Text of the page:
Today, with many people dying in hospitals or hospices and the elderly living out their last years in nursing homes, the act of dying is no longer visible to the wider community. Fast-paced, secular, modern living, with its rapid social change, decline in societal support, and emphasis on youth, personal achievement and consumerism, serves to deflect ideas of our own mortality. We see dramatised death in the form of murder, war and accidents every day in the media, confirming our perception of death as unnatural. Death is acceptable in films, books and songs and in the form of public grieving for the death of famous celebrities, but our own death, or that of our children, is too disturbing to contemplate.
In an earlier era when child deaths were commonplace, bereaved parents were not left to grieve alone. Bereavement was an experience shared by the whole community. In contrast, in modern Western societies, many bereaved parents are on their own, without the anchors taken for granted by past generations. Societal norms, which have been well-established to deal with the death of the elderly, have not been developed to the same extent to deal with the comparatively rare event of child death. Thus, not only are modern parents often left to grieve alone, but also unrealistic expectations are placed on them as to how and when they express their grief.
The lack of familiarity with child death in the wider community is shown by the frequency with which parents report that friends and colleagues, in trying to offer sympathy, often respond with comments such as: “I know how you feel. I lost my old dad last year – he was 92”. Even worse, says Anne Grinyer in her 2002 book, Cancer in Young Adults through Parents’ Eyes, are comments about the death of a beloved pet (which, the commentators imply, qualifies them to empathise), or remarks that the parents are lucky in having other children, or can have more. Though it is often sad when elderly parents die, it is expected that parents die before their children. Though it can be heartbreaking when pets die, it is expected that owners will outlive them. Parents may be young enough to have more children, but each child is unique and cannot be replaced.
Tessa Duder, whose daughter died of heart failure in 1992 at the age of 24, writes in the foreword to Beverly Gatenby’s New Zealand study of bereaved parents For the Rest of Our Lives:
This grief is not like that for a spouse, a partner, a parent, a grandparent, a sibling, a relative, a colleague, a lifelong friend. This grief is different … It’s a club not one of us chose to join or wants to belong to. The membership is for life; we cannot resign, take leave of absence, or escape by moving to another city or country. It’s a paid-up life sentence, inescapable.”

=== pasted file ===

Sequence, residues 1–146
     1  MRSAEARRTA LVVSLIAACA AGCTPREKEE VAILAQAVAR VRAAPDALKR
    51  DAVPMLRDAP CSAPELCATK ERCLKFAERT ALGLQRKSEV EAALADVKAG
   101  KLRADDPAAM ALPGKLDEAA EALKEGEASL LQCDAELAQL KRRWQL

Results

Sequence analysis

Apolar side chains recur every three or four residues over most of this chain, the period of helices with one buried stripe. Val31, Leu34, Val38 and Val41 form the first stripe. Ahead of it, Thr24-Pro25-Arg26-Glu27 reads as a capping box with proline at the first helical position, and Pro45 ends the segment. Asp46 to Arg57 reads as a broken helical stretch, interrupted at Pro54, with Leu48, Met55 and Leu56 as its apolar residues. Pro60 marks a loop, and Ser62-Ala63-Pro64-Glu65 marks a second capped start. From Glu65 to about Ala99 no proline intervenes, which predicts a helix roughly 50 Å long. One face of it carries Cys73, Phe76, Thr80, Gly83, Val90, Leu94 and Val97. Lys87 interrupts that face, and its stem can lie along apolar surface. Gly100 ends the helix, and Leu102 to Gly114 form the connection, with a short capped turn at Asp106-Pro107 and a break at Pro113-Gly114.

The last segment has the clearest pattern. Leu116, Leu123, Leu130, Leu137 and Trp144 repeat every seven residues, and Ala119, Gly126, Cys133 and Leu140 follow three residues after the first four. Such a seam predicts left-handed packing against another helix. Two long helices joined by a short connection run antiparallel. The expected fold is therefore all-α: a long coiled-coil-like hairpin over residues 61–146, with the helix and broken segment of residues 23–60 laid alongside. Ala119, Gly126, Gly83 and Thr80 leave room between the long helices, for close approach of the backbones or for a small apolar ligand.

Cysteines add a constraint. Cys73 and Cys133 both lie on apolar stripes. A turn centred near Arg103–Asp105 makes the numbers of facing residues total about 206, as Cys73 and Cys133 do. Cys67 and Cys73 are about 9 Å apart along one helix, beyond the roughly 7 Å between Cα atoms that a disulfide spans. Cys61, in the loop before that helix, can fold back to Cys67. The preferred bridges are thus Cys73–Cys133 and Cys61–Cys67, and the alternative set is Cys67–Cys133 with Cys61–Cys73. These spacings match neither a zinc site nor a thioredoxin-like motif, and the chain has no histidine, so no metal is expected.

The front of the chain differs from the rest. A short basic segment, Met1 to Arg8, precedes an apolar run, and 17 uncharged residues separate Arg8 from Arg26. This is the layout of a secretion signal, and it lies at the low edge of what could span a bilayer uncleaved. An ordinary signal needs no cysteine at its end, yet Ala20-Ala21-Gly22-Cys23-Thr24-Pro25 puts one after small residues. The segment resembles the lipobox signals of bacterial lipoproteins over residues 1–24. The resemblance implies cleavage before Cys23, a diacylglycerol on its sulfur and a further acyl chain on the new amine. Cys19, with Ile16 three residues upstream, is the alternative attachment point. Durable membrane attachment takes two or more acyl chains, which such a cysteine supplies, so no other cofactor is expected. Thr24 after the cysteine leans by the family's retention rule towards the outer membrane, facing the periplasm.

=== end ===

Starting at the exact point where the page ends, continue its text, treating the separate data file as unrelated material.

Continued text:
Ann Finkbeiner, in After the Death of a Child: Living with Loss through the Years, her 1998 study of thirty bereaved American parents, sums up the emotional injury involved as being equivalent to the kind of physical injury that would necessitate a stay in an intensive care unit. This is expressed in the following poem, which also offers guidance on how to proceed with bereaved parents:
Please don’t ask me if I’m over it yet.
I’ll never be over it.
Please don’t tell me she’s in a better place.
She’s not with me.
Please don’t say at least she isn’t suffering.
I haven’t come to terms with why she had to suffer at all.
Please don’t tell me you know how I feel,
Unless you have lost a child.
Please don’t ask me if I feel better.
Bereavement isn’t a condition that clears up.
Please don’t tell me at least you had her for so many years.
What year would you choose for your child to die?
Please don’t tell me God never gives us more than we can bear.
Please just tell me you are sorry.
Please just say you remember my child, if you do,
Please just let me talk about my child.
Please mention my child’s name.
Please just let me cry.
Dr Sandra Arnold lives in North Canterbury, New Zealand. She is the author of three books, including a memoir about the death of her daughter, Sing No Sad Songs. Sandra has a MLitt and PhD in Creative Writing from CQ University, Australia. She is currently working on a new novel and a collection of short stories and flash fiction. See Sandra Arnold’s NZSA webpage here